Texas flexed its economic muscle once again announcing the sale of $9.8 billion in one year notes at the lowest interest rate in State history. The Texas Tax Revenue Anticipation Notes have a one year yield of 0.225 percent. The previous low was 0.27 percent on notes issued last year. By comparison, California sold a total of $10 billion one-year notes in May and June this year at 0.33 and .43 percent respectively. The record low yield demonstrates investors’ faith in the Texas economy and saves taxpayers money.
According to Comptroller Susan Combs, demand was very high for the security of Texas bonds. “Buyers bid about $24 billion, about two-and-a-half times the amount offered for sale, helping drive the interest rate down to its historic low. This strong sale showed that investors are very confident in the state’s economic growth and our record of conservative spending practices.”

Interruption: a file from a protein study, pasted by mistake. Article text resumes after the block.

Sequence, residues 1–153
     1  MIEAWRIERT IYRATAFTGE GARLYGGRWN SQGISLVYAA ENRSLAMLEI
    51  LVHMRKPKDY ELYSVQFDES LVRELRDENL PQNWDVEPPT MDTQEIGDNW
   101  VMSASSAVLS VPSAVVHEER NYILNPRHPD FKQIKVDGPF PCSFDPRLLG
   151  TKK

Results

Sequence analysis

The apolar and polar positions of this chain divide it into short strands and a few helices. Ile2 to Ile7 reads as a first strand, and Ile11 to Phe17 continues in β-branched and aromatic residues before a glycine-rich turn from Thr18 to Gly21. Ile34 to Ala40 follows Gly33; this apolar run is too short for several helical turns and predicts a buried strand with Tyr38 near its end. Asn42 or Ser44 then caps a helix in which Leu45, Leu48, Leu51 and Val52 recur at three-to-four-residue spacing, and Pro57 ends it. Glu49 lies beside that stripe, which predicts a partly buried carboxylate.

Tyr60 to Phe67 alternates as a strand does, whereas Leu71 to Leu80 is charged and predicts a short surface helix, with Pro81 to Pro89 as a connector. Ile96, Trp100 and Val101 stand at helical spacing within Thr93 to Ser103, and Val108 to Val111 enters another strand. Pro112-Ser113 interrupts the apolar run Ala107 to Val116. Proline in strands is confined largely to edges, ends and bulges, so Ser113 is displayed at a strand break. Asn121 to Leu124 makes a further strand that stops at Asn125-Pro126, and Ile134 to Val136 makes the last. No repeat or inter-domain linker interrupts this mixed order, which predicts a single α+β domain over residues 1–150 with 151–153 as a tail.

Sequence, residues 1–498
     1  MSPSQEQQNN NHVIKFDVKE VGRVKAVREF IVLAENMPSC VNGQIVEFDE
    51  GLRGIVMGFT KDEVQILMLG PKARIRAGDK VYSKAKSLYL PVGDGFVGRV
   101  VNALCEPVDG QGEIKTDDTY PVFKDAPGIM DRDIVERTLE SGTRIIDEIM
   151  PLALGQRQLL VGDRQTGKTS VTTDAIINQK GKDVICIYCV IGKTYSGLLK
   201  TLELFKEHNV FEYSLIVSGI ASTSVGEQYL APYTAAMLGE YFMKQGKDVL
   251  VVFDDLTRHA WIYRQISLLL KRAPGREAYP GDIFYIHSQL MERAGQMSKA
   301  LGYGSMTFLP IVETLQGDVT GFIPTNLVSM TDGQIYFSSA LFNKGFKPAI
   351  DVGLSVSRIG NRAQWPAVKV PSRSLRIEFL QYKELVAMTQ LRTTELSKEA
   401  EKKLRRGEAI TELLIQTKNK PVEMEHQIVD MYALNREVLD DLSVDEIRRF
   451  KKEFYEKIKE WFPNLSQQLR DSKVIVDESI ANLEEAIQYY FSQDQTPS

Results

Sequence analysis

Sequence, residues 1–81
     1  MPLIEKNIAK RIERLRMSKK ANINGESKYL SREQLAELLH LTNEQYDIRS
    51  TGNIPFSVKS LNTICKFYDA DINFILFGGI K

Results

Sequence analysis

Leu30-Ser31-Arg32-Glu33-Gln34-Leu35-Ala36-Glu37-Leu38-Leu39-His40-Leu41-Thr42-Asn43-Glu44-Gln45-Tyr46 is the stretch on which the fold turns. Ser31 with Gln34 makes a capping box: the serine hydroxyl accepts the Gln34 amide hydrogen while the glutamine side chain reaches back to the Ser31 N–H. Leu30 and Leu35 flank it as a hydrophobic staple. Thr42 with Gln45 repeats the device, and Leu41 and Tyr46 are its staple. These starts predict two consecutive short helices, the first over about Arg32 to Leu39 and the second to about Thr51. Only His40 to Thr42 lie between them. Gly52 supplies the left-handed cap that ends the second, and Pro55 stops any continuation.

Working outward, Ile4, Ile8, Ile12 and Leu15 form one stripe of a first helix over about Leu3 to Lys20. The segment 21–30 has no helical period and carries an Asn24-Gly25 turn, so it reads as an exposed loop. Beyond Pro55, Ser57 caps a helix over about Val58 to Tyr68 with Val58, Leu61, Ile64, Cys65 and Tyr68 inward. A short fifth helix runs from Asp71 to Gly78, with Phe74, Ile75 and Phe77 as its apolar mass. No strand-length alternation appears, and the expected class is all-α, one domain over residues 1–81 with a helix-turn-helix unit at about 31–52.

The Texas Tax Revenue Anticipation Notes are used to assist school districts pay bills ahead of ISD tax collections. It is one of many different ways in which the State’s solid credit rating is used to lower borrowing costs for school districts. The State guarantees most ISD bond issues using the credit of the Permanent School Fund, which has a AAA rating.